The judge approved the settlement of compensation for brain damage due to medical negligence and adjourned the case – wishing the family well for the future.

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Woman Awarded Compensation for being Taken to the Wrong Hospital

A woman who was taken to a hospital rather than a specialist centre after suffering a stroke has been awarded compensation for being taken to the wrong hospital.

Lynne Horner (69) from Bolton in Greater Manchester had been retired for just a year when she suffered a serious stroke in July 2010. Her husband – David (71) – was quick to acknowledge the symptoms and immediately called the emergency services.

A rapid response paramedic arrived within ten minutes and confirmed that Lynne had suffered a stroke; but when an ambulance arrived three minutes later, the ambulance paramedic assessed that Lynne was recovering and, rather than take her to the specialist stroke centre at the Salford Royal Hospital, drove Lynne and David to the Royal Bolton Hospital instead.

Lynne remained at the Royal Bolton Hospital for more than two and a half hours before it was confirmed that she had suffered a right-sided stroke and she was transferred to the Salford Royal Hospital. However, by the time Lynne received thrombolysis treatment to reduce the blood clots, it was more than four hours after her stroke and the treatment was ineffective.

As a result of being taken to the wrong hospital, Lynne now has a permanent brain injury. She can no longer drive and is reliant on a wheelchair to move around. Lynne needs help from her husband to complete day-to-day chores and can no longer take foreign holidays as the couple had planned to do after her retirement.

After seeking legal advice, Lynne claimed compensation for being taken to the wrong hospital against the North West Ambulance Service. She claimed in her legal action that, had she been taken to the correct hospital, thrombolysis treatment would have been administered within ten minutes and she would have not have suffered a permanent neurological injury.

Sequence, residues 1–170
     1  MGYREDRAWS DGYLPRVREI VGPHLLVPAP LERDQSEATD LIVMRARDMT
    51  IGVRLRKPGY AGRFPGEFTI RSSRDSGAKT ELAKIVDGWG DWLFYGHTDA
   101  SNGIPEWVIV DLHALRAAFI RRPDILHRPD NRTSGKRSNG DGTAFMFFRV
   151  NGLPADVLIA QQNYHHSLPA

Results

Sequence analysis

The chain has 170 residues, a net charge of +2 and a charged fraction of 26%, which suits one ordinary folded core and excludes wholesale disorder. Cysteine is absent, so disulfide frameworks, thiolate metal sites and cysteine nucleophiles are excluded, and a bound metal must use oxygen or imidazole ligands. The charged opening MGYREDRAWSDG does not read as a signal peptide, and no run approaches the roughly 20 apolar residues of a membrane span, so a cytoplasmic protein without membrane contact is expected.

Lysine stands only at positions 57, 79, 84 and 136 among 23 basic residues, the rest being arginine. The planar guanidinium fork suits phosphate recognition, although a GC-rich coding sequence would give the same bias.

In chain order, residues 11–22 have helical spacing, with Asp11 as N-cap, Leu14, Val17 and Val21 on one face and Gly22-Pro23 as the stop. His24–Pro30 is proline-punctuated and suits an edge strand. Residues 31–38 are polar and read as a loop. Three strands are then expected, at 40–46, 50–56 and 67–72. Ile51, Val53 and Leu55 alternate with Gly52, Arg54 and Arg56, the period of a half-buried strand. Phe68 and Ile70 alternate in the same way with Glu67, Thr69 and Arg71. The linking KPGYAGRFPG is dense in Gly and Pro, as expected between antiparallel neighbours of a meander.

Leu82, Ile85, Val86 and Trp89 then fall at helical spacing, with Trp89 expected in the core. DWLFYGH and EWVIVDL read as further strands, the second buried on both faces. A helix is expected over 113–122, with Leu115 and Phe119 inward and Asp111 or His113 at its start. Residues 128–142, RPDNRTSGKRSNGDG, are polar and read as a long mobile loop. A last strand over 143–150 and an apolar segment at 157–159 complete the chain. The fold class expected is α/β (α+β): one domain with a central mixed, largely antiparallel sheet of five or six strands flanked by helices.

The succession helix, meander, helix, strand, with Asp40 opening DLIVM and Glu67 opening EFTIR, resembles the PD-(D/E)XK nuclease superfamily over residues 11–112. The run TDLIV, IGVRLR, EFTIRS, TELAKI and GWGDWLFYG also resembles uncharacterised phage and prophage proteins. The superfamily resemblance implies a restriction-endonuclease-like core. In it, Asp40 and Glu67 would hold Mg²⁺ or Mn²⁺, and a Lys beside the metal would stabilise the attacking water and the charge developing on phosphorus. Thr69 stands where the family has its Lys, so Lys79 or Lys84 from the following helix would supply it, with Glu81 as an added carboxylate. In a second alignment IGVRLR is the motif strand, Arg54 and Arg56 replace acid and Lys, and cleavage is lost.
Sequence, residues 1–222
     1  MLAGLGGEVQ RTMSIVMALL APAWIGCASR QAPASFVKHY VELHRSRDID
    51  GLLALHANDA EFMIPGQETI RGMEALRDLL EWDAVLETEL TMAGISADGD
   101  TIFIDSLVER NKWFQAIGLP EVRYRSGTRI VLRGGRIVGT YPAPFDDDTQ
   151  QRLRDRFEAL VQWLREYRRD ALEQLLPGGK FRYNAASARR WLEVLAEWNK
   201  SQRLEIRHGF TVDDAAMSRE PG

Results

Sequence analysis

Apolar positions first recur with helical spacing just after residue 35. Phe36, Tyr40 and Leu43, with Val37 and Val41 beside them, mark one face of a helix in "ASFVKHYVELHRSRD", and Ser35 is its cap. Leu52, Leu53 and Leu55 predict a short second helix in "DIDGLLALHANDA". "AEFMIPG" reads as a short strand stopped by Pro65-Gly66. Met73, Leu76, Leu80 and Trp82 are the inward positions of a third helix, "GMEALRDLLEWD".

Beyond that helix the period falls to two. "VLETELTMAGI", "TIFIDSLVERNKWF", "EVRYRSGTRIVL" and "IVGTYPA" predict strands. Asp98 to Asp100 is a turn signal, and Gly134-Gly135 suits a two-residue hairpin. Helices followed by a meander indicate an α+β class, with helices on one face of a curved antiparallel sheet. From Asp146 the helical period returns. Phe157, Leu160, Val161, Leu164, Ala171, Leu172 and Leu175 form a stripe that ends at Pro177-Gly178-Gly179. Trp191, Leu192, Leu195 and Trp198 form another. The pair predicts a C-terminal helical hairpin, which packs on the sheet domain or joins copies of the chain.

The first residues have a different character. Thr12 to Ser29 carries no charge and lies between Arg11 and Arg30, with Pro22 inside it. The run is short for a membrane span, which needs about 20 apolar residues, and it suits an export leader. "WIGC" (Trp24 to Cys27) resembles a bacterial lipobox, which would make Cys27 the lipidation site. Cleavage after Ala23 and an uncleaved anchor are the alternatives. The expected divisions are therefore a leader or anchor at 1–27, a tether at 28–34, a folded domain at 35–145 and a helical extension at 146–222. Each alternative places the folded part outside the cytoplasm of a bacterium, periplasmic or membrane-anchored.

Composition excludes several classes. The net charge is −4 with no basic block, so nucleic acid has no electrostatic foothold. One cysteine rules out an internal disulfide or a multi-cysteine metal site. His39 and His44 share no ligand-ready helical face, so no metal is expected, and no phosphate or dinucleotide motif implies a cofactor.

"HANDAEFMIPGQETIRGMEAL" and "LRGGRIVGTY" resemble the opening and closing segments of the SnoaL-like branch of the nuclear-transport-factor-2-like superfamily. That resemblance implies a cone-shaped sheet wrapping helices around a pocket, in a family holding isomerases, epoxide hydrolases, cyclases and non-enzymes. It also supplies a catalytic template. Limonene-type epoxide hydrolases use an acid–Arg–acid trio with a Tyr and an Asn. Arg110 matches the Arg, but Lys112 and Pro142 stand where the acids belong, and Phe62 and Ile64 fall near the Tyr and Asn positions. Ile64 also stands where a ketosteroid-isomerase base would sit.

The North West Ambulance Service acknowledged its liability and earlier this month a court hearing was held for the assessment of damages. Lynne was awarded just over one million pounds compensation for being taken to the wrong hospital – money that will be used to cover the cost of specialist care and equipment, and to buy a new home adapted for wheelchair use.

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Hospital Pays Compensation for a Fatal Overdose of Propofol

A Liverpool hospital has paid out an undisclosed sum of compensation for a fatal overdose of Propofol after three patients died within 48 hours of each other.

Christopher Garwell (23), Susan Chiverton (22) and Neil Murphy (18) all died within three days of each other after being admitted to the Walton Neurological Centre in Liverpool with severe head injuries in June 2010. The common link between the three deaths was that each of the patients had been administered the sedative Propofol.

An investigation was launched within hours of the third death due to concerns that the fatalities may all have been due to Propofol infusion syndrome – a rare but acknowledged adverse effect of the sedative. The investigation concluded that changes should be made to the way in which Propofol was administered and recommended stricter limits on how long coma patients should be given the drug.

Cheshire Police launched an investigation into the deaths at the neurological treatment centre, but found nothing to suggest any evidence of negligence or wrong-doing by staff, and batches of the drug were checked to see if the Propofol was in any way faulty, mislabelled or contaminated.

Despite independent enquiries finding no proof of negligence, the family of the one of the victims – Neil Murphy – claimed compensation for a fatal overdose of Propofol, alleging that Neil had died due to complications after being administered the drug. They argued that had it not been for the increased use of Propofol, Neil would have survived his head injury.

The Walton Centre NHS Foundation Trust disputed the claim, arguing that it was “impractical to measure the weight of a critically ill ventilated patient [to determine the correct dosage of the sedative] and an estimate was used”. However, the NHS Trust ultimately admitted to a “potential contribution” to Neil´s death, and an undisclosed payment of compensation for a fatal overdose of Propofol was made to his family.

A spokesperson from the Walton centre NHS Foundation Trust made a statement in which he revealed that “a payment has been made to Mr Murphy´s family by the Trust without an admission of liability”. The spokesperson offered his condolences to the family, but added that “No further legal, disciplinary or regulatory action has been taken against the Trust or individual employees arising out of these circumstances”.